Medical Humanities 37 (1):34-37 (2011)

Abstract
In the late 18th century two medical fashions—Mesmerism in France and the Perkins ‘tractor’ in the USA and England—appealed to the principle that a single universal force acts on all of us and is responsible for health and illness. This principle served both fashions well, as it made it all the easier for those who came within their force fields to experience the sort of sensations that other subscribers to the fashion also seemed to feel. The first research on what is now known as the placebo effect was in connection with these two movements. The propensity to feel what we suppose or imagine that others like us feel remains even now one of the channels of the placebo effect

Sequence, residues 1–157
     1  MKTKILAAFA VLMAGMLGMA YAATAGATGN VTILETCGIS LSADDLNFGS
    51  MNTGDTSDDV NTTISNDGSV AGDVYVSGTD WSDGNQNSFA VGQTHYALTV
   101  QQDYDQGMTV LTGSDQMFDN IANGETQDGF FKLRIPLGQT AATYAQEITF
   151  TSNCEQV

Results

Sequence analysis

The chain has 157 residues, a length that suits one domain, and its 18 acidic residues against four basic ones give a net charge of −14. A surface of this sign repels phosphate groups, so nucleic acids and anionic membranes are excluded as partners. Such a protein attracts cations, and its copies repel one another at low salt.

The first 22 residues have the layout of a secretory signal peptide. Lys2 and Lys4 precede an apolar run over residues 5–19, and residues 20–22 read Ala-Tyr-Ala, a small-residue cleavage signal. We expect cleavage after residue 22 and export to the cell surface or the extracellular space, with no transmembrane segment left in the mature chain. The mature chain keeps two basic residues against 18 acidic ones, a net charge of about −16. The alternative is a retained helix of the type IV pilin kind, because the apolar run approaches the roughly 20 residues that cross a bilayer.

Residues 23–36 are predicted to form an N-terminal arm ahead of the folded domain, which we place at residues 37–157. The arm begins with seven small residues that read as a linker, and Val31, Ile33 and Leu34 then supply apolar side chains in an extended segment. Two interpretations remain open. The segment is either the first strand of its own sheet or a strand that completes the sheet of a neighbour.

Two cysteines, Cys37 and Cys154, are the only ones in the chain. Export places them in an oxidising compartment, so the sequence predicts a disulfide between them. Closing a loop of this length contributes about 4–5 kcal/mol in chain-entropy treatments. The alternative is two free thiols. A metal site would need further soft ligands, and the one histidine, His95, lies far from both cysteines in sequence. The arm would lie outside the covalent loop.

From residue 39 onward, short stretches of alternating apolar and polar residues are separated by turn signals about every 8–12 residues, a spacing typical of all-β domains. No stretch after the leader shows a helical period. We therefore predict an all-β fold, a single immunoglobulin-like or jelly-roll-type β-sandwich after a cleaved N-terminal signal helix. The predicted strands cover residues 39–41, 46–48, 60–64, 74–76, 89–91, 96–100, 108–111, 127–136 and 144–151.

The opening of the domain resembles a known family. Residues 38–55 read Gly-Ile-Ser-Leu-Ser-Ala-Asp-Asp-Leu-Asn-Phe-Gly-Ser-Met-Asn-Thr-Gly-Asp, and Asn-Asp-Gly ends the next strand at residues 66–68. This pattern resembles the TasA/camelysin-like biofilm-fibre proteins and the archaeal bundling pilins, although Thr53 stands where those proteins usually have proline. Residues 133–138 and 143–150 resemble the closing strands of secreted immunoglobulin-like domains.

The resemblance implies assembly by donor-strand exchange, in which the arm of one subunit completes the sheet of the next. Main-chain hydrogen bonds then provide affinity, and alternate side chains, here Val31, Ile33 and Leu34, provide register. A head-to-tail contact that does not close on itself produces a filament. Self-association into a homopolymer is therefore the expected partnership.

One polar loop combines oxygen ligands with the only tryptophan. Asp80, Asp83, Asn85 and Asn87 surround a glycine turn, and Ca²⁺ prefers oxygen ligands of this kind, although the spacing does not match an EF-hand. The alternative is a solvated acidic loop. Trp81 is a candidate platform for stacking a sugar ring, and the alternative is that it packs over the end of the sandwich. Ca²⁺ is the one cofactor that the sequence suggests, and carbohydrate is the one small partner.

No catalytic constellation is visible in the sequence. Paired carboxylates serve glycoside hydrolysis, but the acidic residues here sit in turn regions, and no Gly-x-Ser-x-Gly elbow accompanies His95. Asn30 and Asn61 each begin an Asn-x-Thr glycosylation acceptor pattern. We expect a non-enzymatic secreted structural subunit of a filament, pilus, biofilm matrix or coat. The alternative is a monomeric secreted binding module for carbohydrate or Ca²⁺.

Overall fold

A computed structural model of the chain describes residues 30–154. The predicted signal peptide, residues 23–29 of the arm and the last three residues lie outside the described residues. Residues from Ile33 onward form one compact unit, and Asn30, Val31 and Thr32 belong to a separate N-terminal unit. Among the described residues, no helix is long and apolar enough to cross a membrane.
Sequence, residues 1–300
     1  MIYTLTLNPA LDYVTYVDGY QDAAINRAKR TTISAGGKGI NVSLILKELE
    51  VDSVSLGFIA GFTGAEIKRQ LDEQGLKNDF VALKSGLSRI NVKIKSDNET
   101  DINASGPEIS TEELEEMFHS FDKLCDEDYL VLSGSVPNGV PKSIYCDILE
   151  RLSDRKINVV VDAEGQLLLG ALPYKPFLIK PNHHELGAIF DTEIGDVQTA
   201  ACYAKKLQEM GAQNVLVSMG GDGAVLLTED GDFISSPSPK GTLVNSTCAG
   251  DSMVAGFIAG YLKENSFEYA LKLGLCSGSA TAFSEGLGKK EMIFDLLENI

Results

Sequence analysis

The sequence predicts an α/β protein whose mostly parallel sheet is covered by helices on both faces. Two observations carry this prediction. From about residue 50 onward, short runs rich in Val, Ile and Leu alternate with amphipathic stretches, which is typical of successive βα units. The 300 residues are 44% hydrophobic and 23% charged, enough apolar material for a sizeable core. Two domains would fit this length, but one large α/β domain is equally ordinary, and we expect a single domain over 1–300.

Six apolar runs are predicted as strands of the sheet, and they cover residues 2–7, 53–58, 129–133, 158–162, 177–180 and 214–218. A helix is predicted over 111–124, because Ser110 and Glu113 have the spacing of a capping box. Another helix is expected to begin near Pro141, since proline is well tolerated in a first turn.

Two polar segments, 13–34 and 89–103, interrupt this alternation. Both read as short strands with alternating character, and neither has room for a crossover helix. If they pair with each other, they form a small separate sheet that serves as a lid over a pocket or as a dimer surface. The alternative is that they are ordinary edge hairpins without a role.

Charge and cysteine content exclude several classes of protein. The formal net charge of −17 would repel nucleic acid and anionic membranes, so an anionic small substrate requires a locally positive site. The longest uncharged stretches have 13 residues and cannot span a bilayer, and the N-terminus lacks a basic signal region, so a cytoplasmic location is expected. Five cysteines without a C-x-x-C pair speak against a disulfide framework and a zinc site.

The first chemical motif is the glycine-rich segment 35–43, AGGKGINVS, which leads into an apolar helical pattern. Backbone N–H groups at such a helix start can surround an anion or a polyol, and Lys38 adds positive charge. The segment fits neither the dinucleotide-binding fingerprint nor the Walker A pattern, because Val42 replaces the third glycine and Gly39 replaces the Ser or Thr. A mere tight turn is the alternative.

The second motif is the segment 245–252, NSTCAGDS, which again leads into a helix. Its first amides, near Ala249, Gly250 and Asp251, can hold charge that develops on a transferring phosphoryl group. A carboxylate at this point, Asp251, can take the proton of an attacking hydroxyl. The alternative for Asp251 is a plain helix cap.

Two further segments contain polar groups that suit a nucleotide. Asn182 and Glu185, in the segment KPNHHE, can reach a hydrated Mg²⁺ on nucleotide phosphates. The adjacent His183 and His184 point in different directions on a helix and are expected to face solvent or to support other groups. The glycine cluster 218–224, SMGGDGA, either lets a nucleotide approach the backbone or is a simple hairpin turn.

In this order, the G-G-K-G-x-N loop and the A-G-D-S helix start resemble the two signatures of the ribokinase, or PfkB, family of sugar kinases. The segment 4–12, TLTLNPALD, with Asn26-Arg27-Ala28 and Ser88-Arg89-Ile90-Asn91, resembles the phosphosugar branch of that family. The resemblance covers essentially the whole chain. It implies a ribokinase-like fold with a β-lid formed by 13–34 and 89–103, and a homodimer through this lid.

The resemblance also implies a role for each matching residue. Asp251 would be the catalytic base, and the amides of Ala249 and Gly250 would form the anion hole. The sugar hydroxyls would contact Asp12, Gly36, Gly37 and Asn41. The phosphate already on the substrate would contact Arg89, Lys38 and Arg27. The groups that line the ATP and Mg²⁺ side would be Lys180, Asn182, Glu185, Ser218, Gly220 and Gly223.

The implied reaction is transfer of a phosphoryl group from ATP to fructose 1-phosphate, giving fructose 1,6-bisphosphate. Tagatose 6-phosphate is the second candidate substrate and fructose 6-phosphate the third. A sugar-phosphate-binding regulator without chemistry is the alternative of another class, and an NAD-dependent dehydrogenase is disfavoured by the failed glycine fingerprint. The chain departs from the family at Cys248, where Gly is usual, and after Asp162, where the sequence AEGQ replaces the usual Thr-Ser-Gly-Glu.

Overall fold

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DOI 10.1136/jmh.2011.007203
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